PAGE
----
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Chinese ports remain globally competitive despite pandemic in 2022

China’s largest sea ports posted strong performance in 2022 braving the negative impact from the COVID-19 pandemic, with Chinese industry and trade experts saying the resilience demonstrated by China’s ports are indicative of the country’s strong potential in continuing to develop its vast exports sector in 2023.

As 2022 came to an end, many of China’s large sea ports have posted data of strong growth.

Shanghai International Port (Group) Co handled a total of 47.3 million twenty-foot equivalent units (TEUs) in 2022, claiming the world’s top spot in container ports for the 13th consecutive year, news portal CGTN reported on Sunday.

It was reported that the port’s business saw a V-shaped recovery in July, after the disruption from April to June, and it set records on daily container throughput on the 8th and 11th of September.

On Friday, Shandong Port Group Co, the port conglomerate in East China’s Shandong Province, announced that it handled 1.6 billion tons of goods in 2022, ranking number one globally. For containers, the company said it has handled 37 million TEUs, ranking third globally, with an annual increase of 8.7 percent.

The port said that its development has boosted Shandong’s exports by 20 billion yuan ($2.9 billion) in 2022.

The pandemic’s negative impact and slowing demand after 2021 have posed a series of challenges for Chinese ports in 2022.

The virus hit the port of Yantian in South China’s export powerhouse Shenzhen port in March, followed by outbreaks in Shanghai, which affected the operation of the Port of Shanghai. Following that, the Port of Ningbo was also struck by an outbreak.

However, Chinese port operators rose to the challenges with flexibility and ingenuity. Ports adapted by arranging workers to stay in closed loops, opening up new shipping lanes and extending railways right into the port.

Wu Minghua, a veteran Chinese shipping analyst, told the Global Times on Monday that Chinese ports have been “full of resolve and striving to achieve the best results” against the odds in 2022.

The all-year efforts to ramp up foreign trade have shown good results, Wu Minghua said. “With these efforts, it is expected that the global ranking of Chinese ports will remain largely the same in 2022, although some ports haven’t posted their data yet.”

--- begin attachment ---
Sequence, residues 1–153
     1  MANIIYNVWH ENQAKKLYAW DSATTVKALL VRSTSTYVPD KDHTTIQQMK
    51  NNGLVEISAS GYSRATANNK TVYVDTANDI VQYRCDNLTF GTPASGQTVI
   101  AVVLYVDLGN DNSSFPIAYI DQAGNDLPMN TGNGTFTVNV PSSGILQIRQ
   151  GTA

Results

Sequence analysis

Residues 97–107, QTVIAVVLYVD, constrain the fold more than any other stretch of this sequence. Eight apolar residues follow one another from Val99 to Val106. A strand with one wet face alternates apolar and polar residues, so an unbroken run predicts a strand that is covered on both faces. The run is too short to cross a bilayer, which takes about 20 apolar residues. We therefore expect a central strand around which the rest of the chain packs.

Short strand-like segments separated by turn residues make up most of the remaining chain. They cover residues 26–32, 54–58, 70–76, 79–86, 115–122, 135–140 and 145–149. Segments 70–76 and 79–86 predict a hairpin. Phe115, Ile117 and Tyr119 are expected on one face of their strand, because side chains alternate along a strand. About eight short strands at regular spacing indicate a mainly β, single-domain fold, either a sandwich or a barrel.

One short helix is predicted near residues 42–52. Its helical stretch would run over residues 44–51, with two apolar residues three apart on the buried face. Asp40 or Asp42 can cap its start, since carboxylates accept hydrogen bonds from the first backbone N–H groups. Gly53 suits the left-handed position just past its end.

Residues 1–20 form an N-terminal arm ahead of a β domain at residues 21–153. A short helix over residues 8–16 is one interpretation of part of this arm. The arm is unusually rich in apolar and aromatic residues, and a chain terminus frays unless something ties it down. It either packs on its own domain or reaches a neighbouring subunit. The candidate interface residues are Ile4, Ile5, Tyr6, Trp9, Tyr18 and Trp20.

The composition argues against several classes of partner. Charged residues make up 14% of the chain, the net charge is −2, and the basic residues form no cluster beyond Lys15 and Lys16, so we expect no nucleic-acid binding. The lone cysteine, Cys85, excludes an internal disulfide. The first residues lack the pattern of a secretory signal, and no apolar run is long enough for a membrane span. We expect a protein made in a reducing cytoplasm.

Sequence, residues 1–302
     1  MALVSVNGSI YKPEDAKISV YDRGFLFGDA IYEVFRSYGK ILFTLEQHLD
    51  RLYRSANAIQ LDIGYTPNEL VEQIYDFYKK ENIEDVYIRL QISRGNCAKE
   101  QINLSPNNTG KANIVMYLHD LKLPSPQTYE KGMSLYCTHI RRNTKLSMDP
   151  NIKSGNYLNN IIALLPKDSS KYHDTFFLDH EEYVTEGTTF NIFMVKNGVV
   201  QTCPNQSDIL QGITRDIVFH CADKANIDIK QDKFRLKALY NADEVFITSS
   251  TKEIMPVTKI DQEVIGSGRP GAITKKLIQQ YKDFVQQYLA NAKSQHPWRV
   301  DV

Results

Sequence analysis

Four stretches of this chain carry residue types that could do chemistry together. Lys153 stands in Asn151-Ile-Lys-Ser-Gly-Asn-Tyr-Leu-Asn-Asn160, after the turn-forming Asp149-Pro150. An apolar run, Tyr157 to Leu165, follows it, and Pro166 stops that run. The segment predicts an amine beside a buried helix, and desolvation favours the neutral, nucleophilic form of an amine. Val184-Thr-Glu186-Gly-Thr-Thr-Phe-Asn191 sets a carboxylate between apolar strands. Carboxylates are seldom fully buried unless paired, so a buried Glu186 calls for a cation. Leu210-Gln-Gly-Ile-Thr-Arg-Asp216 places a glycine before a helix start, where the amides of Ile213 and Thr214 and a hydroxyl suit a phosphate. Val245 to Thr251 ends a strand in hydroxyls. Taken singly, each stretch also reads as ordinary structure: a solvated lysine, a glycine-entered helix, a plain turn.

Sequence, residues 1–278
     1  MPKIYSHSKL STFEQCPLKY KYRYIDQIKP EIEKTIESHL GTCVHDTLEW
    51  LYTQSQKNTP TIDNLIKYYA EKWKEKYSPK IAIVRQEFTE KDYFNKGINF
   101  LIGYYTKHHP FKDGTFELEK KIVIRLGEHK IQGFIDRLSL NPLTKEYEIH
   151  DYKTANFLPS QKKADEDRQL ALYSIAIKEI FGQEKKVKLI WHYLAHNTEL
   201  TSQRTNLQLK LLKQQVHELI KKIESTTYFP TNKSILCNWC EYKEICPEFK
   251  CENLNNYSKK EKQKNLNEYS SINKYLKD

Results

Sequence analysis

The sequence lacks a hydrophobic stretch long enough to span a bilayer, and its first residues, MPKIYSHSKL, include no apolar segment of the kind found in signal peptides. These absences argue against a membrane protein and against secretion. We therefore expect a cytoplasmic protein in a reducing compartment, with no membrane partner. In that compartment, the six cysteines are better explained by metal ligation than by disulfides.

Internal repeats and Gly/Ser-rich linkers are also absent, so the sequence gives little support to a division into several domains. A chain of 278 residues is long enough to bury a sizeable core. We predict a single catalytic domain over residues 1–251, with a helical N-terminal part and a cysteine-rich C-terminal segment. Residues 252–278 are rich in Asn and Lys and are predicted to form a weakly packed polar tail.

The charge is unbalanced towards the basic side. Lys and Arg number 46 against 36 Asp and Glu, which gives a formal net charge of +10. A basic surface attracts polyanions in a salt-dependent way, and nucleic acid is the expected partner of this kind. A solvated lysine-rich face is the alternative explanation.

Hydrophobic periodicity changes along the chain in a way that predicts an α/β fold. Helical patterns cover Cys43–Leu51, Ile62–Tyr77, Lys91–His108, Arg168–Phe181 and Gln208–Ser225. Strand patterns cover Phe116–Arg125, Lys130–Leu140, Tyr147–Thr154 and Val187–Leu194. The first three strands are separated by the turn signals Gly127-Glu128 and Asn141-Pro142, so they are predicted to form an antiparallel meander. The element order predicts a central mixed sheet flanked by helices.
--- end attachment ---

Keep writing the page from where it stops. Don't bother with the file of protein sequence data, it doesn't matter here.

Wu Jiazhang, a port analyst with the Shanghai International Shipping Institute, told the Global Times on Monday that Chinese ports have put in a better performance in terms of cargo and container throughput among the top 20 global ports.

Analyzing the data from the first three quarters, the latest available data, Wu Jiazhang noted that the global demand decline has resulted in a decrease in throughput at Port of Singapore and Port of Busan in South Korea.

According to Ministry of Transport data, Chinese ports’ cargo throughput during the first 11 months of 2022 slightly increased by 0.7 percent year-on-year, while container throughput expanded by 4.2 percent. Although the container figure was less than the whole year figure for 2021, which came in at 7 percent, it still showed expanding momentum, experts said.

Wu Jiazhang said many ports were still able to log an increase of over 5 percent in their container throughput during the January-November period while their global counterparts saw drops, and the Port of Tianjin is likely to claim the title of the world’s No.7 container port from Busan for 2022.

Bai Ming, deputy director of the international market research institute at the Chinese Academy of International Trade and Economic Cooperation, told the Global Times on Monday that the fact that China’s leading ports have coped with the impact of the pandemic and remained resilient bears similarities to the Chinese economy.

Despite facing multiple pressures, the Chinese economy has proved to be comparably resilient during the year, thanks to its strong supply-side strength and the potential of its vast market, Bai said.

Looking to 2023, Bai said if US and European markets wither due to an expected recession, China’s exports could still find new rooms for growth from markets under the Regional Comprehensive Economic Partnership (RCEP) trade deal and the Belt and Road markets.

Bai noted that although the sub-index for exports orders in the manufacturing Purchasing Managers’ Index have been weak for some months, the reading indicates tough, rather than shrinking exports orders, due to the way the statistics are gathered.

Wu Jiazhang said the new demand stemmed from the fast development of cross-border e-commerce and improved efficiency at ports as a result of improved digital infrastructure.

In 2023, the industry will have to cope with a number of new issues, such as the record number of empty containers at various Chinese ports and the pressure to dissipate them, supply and demand disorder for shipping lanes and falling rates, Wu Minghua said.

The volatile global shipping market will mean more hurdles for post-pandemic recovery of the global supply chain, Wu Minghua said, noting that overcoming the issues requires closer cooperation between ports and shipping companies.
Source: Global Times

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